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Can Sleep Quality Affect the Results of In Vitro Fertilization?


The recently published study may shed light on a potential connection between sleep quality and IVF success.

A version of this article was originally published on Contemporary OB/GYN. This version has been lightly edited.

Women who experience poor sleep quality may have less success with in vitro fertilization (IVF) than women who experience higher quality sleep, according to a study published in Scientific Reports.

Between September and December 2019, researchers recruited 263 women who were receiving services from the infertility unit at Fondazione IRCCS Ca’ Granda Ospedale Maggiore Policlinico, in Milan, Italy. At the time of oocytes collection, study participants answered questions about sleep and psychological health on 3 surveys—the Pittsburgh Sleep Quality Index (PSQI), the Fertility Problem Inventory (FPI), and the Hospital Anxiety and Depression Scale (HADS).

Researchers examined age, job status, and education, in addition to a number of health factors such as body mass index and smoking. They also looked at how long the women had been infertile, previous deliveries, serum FSH (IU/mL), serum Anti-Müllerian Hormone (AMH) (ng/mL), antral follicle count (AFC), and indication for IVF. This data was examined with the results of the surveys, which were given in Italian and required the women to be native speakers.

Study participants were excluded if they did not speak fluent Italian, and if they had a neurologic or severe psychiatric disorder such as bipolar disorder, schizophrenia, or major depressive disorder. Women with obstructive sleep apnea syndrome and conditions that may reduce embryo implantation such as endometrial polyps, submucosal fibroids, hydrosalpinx, and uterine formations were also excluded.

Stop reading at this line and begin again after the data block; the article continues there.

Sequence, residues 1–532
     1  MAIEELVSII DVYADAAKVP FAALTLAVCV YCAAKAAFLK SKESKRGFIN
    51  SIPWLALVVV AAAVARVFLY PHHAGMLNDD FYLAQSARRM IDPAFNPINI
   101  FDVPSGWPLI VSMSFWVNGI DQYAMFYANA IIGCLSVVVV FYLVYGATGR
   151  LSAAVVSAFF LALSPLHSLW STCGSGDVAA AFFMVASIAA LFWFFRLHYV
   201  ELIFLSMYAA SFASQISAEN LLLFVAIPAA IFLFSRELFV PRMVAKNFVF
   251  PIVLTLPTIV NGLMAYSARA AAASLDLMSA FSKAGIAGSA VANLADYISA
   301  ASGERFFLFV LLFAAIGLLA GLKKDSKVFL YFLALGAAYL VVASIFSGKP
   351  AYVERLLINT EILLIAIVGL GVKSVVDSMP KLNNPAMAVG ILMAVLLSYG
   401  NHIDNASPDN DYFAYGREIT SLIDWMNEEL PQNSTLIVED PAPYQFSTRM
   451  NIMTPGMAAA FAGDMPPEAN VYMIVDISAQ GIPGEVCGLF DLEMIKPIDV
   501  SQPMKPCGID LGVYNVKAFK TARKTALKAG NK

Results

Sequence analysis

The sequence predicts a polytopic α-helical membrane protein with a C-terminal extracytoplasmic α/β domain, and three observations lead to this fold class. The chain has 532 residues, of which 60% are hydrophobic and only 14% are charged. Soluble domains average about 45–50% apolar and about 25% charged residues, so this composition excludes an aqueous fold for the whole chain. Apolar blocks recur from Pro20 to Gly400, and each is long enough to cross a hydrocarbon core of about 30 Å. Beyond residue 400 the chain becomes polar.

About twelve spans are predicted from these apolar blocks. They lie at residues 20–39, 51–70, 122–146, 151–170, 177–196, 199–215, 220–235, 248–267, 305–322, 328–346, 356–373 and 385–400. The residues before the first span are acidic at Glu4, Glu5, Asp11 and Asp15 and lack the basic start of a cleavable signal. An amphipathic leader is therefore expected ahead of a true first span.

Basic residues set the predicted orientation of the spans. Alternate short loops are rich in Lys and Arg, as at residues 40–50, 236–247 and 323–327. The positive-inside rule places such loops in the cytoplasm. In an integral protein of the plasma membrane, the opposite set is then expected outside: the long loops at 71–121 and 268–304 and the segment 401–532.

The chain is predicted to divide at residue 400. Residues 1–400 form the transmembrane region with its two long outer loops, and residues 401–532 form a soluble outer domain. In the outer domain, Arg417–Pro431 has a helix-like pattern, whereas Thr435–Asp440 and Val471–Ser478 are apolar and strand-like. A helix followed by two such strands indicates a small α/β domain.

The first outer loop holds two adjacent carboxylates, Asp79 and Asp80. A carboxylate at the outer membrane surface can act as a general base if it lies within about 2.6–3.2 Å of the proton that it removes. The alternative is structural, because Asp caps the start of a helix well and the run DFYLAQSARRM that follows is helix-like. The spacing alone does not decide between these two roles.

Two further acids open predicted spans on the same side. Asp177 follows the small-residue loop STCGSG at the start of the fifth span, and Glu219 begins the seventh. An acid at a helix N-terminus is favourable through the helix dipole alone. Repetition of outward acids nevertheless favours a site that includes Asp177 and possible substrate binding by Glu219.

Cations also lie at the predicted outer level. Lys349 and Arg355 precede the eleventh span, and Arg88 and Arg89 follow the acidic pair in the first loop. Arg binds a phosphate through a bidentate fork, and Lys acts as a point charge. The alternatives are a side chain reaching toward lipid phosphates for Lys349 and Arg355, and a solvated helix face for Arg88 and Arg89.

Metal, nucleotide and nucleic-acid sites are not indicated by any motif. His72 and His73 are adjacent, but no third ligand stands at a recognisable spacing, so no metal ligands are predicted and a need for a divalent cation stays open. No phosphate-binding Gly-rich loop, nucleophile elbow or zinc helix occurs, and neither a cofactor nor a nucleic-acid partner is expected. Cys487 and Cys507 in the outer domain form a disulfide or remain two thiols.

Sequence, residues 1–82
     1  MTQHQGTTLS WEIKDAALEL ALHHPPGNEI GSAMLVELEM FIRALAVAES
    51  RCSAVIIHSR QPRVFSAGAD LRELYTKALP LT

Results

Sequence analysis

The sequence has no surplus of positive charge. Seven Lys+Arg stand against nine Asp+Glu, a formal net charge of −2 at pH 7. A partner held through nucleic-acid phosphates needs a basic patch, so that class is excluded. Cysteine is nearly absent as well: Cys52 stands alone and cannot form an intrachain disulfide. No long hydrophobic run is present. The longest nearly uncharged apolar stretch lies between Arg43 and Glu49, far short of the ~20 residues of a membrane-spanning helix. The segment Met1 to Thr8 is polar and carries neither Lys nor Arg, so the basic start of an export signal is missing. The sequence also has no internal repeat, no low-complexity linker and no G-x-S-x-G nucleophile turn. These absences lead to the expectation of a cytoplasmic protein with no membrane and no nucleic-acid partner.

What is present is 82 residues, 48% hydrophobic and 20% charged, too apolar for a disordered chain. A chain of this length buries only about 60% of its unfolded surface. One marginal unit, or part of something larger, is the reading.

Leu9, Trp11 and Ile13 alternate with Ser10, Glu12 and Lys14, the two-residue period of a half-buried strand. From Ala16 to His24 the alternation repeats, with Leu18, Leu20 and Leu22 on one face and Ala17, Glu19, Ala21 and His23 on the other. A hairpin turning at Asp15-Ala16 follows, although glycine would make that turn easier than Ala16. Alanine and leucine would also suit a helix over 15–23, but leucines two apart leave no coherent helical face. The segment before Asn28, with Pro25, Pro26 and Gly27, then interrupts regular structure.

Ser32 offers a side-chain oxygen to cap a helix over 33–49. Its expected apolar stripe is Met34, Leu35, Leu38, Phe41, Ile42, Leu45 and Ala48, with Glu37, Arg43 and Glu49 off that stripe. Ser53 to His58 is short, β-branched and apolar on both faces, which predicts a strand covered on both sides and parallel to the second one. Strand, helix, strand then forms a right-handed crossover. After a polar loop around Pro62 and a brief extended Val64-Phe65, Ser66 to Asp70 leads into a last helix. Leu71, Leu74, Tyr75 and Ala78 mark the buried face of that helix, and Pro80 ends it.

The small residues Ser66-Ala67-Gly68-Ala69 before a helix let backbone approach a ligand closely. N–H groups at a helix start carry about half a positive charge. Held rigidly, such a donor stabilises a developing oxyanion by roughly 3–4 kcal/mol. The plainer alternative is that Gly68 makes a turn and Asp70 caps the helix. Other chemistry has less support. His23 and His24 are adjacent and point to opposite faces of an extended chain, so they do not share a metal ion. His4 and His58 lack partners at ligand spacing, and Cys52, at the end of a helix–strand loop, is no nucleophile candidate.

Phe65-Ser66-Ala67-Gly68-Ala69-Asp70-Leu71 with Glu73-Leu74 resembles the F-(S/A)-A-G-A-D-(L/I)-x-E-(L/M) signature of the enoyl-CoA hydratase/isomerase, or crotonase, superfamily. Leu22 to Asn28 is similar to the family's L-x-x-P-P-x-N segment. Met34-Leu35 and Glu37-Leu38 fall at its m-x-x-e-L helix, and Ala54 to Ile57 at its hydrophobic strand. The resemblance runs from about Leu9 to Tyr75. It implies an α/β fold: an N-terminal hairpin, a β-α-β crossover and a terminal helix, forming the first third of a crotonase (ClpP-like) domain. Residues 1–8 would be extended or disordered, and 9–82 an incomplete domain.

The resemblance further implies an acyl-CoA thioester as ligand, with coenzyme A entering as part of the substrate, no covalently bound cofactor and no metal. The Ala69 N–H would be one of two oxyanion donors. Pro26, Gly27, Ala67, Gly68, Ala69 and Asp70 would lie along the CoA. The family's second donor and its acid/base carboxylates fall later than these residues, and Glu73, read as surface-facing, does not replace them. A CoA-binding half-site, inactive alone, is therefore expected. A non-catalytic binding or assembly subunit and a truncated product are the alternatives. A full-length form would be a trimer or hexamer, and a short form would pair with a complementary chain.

Thirty-one percent of women (n = 81) had a successful pregnancy. Researchers noted that, in these successful pregnancies, ovarian reserve was preserved better and the women were younger. There was no difference in FPI and HADS scores.

“Conversely, a statistically significant difference emerged for the PSQI score, the median [interquartile range] in pregnant and non-pregnant women being 4 [3–5] and 5 [3–7], respectively (P = .004). The crude and adjusted OR of pregnancy in women with a PSQI greater than 5 (indicating impaired sleep quality) was 0.46 (95% CI, 0.25-0.86; P = .02) and 0.50 (95% CI, 0.26-0.94; P = .03), respectively,” researchers reported. They also said that poor sleep quality was common in women seeking IVF and could affect the procedure.

“Taken together, our findings highlighted that assessing sleep quality in women undergoing IVF is clinically relevant, due to its association not only with outcome of the procedure, but also with women’s overall psychological health,” researchers concluded. Reschini and colleagues noted that poor sleep quality was also linked to poor psychological health, indicating that treating poor sleep quality could improve these outcomes as well.

Lubna Mohammed, MBBS, lecturer of research at the California Institute of Behavioral Neurosciences and Psychology in Fairfield, California, spoke with Contemporary OB/GYN® as a subject-matter expert.

For Mohammed, the most important information for providers to take away from this study is the recommendation to inquire about the quality of sleep of women undergoing the IVF process. Mohammed added that future research should concentrate on studying the impact of sleep improvement on the outcomes of the procedure.

“It can also be targeted at studying if poor sleep is related to women having unhealthy lifestyles and how lifestyle changes precisely impact sleep,” she said. She noted an important limitation of this study—the absence of a control group and the fact that sleep quality was measured using self-reported sleep measures. “Other options like sleep tracking devices can also be considered for future research, Mohammed said.


Reschini M, Buoli M, Facchin F, et al. Women's quality of sleep and in vitro fertilization success. Sci Rep. 2022;12(1):17477. Published online October 19, 2022. doi:10.1038/s41598-022-22534-0

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